Just as the narrative surrounding the firing of former Navy Secretary Richard Spencer changes by the hour, the White House and the Pentagon cannot seem to agree on whether Conan, the hero military working dog from the raid that killed ISIS leader Abu al-Baghdadi, is male or female.

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Editor's Note: This article originally appeared on Business Insider.

President Donald Trump on Monday afternoon walked out of the White House with Conan, the military working dog who helped taken down ISIS leader Abu Bakr al-Baghdadi in northwest Syria in late October.

Speaking to reporters, Trump described Conan as "the world's most famous dog" who had an "incredible story."

"It was a flawless attack," Trump said, describing the special forces raid. "And al-Baghdadi is gone."

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WASHINGTON (Reuters) - President Donald Trump said on Tuesday the United States knows the location of the third in command to Islamic State leader Abu Bakr al-Baghdadi, who killed himself last month during a U.S.-led raid.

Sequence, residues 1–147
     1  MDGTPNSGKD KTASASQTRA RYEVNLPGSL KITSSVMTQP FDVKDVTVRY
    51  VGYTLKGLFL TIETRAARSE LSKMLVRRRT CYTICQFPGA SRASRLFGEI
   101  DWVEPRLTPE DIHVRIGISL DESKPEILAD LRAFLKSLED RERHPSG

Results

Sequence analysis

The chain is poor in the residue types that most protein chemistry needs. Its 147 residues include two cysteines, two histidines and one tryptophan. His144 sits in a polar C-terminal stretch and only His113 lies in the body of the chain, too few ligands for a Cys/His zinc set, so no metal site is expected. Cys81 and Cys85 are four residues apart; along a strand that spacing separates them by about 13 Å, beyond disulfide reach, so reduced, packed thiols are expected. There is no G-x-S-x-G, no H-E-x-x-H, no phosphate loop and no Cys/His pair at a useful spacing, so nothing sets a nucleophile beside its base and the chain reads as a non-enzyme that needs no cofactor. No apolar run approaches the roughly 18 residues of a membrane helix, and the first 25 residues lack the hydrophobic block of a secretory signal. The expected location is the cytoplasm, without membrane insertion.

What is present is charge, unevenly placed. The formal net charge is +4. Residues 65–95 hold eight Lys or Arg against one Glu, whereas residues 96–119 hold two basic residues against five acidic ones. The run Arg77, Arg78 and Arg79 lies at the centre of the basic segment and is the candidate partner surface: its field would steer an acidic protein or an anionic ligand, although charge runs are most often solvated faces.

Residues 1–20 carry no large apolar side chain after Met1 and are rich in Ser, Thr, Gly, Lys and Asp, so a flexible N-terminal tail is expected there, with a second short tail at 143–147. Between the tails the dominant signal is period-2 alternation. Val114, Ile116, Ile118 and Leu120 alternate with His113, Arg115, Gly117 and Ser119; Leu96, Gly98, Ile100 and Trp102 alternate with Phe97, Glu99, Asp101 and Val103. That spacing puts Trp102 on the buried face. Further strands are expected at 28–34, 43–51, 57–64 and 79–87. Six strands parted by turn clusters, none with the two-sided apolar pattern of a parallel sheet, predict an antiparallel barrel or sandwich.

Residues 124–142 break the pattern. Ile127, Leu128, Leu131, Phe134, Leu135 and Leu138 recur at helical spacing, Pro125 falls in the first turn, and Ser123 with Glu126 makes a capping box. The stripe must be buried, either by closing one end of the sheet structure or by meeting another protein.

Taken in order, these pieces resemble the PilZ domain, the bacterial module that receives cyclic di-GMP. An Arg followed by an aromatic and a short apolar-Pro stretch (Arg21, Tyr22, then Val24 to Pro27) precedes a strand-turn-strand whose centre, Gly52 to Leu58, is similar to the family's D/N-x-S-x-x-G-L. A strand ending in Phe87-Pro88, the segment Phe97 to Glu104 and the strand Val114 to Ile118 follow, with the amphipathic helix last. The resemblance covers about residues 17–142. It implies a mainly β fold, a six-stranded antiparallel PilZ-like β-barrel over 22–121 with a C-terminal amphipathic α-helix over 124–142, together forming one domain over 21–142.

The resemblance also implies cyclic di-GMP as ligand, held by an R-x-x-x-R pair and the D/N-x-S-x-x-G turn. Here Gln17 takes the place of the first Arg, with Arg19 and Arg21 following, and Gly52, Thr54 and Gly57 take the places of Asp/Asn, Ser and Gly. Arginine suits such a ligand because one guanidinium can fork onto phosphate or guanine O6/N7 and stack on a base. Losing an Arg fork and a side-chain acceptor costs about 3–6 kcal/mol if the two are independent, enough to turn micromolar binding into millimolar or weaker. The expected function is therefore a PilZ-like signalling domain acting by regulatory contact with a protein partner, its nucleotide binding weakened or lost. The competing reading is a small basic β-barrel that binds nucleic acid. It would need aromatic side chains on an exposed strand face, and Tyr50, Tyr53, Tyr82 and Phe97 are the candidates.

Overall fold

"We have our eye on his third," Trump said during the question-and-answer session following a speech at the Economic Club of New York. "His third has got a lot of problems because we know where he is too."

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Editor's Note: This article by Oriana Pawlyk originally appeared onMilitary.com, a leading source of news for the military and veteran community.

A New Jersey Democrat is urging the Pentagon to expedite service medals for the military K9 unit responsible for taking down notorious ISIS leader Abu Bakr al-Baghdadi.

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A pooch resembling the hero dog who took part in the raid that brought down the leader of ISIS last month was asked some ruff questions in a sketch on "Saturday Night Live."

The segment, which aired during Saturday's episode, featured a pooch that looks like Conan, along with a translator (Cecily Strong) who interpreted what all of the dog's growls and gestures meant during a mock press conference following the death of Abu Bakr al-Baghdadi.

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In front of a crowd in Tupelo, Mississippi, on Friday President Donald Trump once again asserted that ISIS leader Abu Bakr al-Baghdadi was "trembling" and "crying" before his death.

But defense officials say they don't know where that claim came from.

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